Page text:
The best volunteering vacations work with organisations like Archelon to identify the most important turtle nesting beaches – and then put willing volunteers to work on them. It’s a hard ask: the Peloponnese, just south-west of Athens, is home to some of the loveliest sandy bays and fishing villages in mainland Greece.

Archelon bases itself in Gythio Bay, one of the most important turtle nesting sites in Greece. Vacation companies like our wildlife tour specialists Natural Greece work directly with them. “Together, we made a proposal for turtle volunteering vacations in the Peloponnese,” says Chantel.
We do everything on this trip with a lot of respect for the turtles. This is not true for all turtle experiences in this country.
You’ll work with conservation organisations and local communities – but ultimately, your work will be done to the turtles’ schedule. “Archelon will determine what we can or cannot do, and when we go,” says Chantel. “We do everything on this trip with a lot of respect for the turtles. This is not true for all turtle experiences in this country.”
Vacations only run when the turtles are most in need of a helping hand, so during nesting season (May-August) and hatching season (July-October). Go between May and August, and you might see a loggerhead built like a bag of bricks heaving itself onto the beach or using its powerful back flippers to carve out a nest. These sea turtles only give birth every 2-4 years, so each nest is like a treasure trove.
That’s where you step in – the turtles need guards to look after buried eggs that incubate for about six weeks on their own. You’ll help mark out and watch the 120-egg nests that lie only about 60cm below the surface of the sand. And you’ll help rebuild them if they’re disturbed by beach users or animals.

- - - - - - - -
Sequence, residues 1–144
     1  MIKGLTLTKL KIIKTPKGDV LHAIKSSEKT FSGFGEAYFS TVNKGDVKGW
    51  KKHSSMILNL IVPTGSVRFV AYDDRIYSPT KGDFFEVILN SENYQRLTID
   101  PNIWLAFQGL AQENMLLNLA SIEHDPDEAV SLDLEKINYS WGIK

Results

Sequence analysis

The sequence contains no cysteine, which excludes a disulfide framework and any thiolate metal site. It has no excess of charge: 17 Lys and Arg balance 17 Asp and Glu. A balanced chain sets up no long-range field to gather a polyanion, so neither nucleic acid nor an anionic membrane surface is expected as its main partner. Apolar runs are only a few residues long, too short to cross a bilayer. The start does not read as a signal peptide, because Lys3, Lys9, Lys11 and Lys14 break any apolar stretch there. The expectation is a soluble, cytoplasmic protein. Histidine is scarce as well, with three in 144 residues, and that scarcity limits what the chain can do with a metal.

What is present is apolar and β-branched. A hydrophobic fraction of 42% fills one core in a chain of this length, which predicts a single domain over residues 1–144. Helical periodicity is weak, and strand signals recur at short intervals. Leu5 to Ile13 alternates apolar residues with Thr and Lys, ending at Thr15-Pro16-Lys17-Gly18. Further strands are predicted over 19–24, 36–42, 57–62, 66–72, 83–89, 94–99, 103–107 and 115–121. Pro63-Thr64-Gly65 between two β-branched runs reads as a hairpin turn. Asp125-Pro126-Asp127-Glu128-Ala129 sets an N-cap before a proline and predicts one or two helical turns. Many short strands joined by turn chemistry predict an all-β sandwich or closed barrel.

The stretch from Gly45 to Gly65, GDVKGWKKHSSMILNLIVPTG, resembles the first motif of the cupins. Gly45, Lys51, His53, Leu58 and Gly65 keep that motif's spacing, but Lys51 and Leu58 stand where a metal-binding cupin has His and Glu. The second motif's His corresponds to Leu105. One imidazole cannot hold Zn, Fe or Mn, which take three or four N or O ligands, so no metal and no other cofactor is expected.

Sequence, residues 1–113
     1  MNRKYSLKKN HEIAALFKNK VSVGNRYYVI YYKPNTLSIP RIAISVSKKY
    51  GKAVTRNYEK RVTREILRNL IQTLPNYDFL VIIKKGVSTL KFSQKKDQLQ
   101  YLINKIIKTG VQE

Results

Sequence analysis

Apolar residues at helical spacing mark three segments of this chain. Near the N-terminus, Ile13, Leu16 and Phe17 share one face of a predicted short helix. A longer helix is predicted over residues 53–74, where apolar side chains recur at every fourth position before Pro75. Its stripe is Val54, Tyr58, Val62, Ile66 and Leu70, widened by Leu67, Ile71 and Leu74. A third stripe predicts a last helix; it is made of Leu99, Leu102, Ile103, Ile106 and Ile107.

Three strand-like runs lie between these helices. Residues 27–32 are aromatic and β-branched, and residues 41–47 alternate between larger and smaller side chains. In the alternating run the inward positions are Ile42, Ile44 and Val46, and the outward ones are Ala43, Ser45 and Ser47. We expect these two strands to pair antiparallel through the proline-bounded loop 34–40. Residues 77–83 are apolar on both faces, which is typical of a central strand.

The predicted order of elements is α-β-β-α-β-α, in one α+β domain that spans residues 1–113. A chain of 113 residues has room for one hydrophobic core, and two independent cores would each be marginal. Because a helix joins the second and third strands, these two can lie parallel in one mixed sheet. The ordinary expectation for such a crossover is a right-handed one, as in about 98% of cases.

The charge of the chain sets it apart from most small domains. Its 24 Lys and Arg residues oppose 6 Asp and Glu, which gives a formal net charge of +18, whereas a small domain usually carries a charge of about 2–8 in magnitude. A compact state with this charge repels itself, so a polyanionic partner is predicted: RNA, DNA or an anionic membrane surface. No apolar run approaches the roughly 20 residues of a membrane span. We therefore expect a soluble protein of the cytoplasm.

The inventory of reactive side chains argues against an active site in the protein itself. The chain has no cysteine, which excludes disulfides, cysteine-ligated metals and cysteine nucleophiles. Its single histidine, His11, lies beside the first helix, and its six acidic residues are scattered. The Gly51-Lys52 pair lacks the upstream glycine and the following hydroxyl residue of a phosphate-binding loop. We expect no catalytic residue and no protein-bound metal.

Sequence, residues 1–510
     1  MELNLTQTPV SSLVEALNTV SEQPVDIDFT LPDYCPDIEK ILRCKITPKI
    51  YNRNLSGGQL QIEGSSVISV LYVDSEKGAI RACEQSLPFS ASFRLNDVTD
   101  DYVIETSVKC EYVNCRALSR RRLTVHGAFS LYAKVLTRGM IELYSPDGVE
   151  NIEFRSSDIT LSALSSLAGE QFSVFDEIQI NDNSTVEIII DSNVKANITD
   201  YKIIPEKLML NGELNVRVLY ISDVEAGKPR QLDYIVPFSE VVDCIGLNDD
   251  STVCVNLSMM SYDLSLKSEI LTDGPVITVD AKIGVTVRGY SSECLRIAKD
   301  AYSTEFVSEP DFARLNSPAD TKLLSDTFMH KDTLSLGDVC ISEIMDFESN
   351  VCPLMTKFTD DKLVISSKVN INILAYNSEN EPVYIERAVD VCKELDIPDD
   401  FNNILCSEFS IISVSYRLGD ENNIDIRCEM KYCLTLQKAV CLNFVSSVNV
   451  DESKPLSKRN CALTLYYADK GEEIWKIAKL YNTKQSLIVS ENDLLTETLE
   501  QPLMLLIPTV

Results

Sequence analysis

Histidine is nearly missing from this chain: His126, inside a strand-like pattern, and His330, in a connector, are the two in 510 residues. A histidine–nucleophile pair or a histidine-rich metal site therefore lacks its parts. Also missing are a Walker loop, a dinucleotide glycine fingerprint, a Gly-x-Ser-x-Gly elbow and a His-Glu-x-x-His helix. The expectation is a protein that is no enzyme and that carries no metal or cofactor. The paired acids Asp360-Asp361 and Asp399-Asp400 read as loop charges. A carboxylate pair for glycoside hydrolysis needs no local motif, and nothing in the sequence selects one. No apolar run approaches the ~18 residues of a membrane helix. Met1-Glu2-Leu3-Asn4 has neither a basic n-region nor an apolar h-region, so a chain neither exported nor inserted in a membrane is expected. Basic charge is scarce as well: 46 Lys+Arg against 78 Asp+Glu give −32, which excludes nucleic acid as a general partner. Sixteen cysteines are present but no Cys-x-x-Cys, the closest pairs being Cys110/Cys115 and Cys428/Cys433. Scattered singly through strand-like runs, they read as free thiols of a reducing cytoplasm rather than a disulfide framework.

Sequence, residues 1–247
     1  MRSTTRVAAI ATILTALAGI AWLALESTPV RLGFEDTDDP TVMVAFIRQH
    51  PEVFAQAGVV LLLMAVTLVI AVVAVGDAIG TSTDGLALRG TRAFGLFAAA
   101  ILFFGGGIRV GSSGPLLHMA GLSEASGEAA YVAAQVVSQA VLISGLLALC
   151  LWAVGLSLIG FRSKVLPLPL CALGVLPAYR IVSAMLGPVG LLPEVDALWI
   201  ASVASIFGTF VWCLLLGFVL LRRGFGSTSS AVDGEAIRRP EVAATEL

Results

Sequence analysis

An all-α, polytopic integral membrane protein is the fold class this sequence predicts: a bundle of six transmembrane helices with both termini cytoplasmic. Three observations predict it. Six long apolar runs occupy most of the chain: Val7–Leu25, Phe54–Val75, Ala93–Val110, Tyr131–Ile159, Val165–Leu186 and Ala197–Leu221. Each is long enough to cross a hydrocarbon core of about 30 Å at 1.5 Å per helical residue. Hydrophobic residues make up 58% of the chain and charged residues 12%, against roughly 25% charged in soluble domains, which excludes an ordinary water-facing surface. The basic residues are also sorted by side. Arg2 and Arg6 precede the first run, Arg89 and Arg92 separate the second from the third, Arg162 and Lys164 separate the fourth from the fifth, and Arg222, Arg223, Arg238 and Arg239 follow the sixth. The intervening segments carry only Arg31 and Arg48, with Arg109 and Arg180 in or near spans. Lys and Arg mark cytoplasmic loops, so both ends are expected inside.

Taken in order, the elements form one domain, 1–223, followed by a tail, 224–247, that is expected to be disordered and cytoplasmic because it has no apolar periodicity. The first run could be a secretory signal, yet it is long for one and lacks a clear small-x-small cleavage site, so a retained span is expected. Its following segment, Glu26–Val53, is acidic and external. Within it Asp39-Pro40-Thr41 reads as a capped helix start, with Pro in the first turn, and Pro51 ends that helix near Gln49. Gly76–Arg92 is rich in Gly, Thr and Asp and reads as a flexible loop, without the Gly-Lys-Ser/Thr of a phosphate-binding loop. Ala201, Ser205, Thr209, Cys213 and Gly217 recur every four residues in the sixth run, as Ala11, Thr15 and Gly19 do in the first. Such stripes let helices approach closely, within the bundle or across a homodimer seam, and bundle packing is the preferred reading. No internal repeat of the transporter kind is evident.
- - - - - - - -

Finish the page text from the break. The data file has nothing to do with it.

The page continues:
Turtles tend to nest and hatch at night or dawn to avoid the heat and eagle-eyed gulls. Some volunteers will get a chance to go on night patrol, using infra-red lights to spot tiny baby turtles. “I’ve been on a night patrol,” says Chantel. “It’s exciting. If you’re lucky, you see turtles coming out of their eggs… You have to remove obstacles, because they have to go to the sea and they have to do it themselves. If needed, you support them.”

Some of those obstacles are sunloungers, plastic bags or bonfires; other obstacles are people. You’ll get the chance to chat with beachgoers and educate them – and get them excited – about the turtles that share the beach. In fact, engaging beach users is one of the most effective methods of long-term conservation. “Everything you do as a volunteer can contain surprises,” says Chantel. “It could be that you don’t see much one morning or you can see something that you never expected.”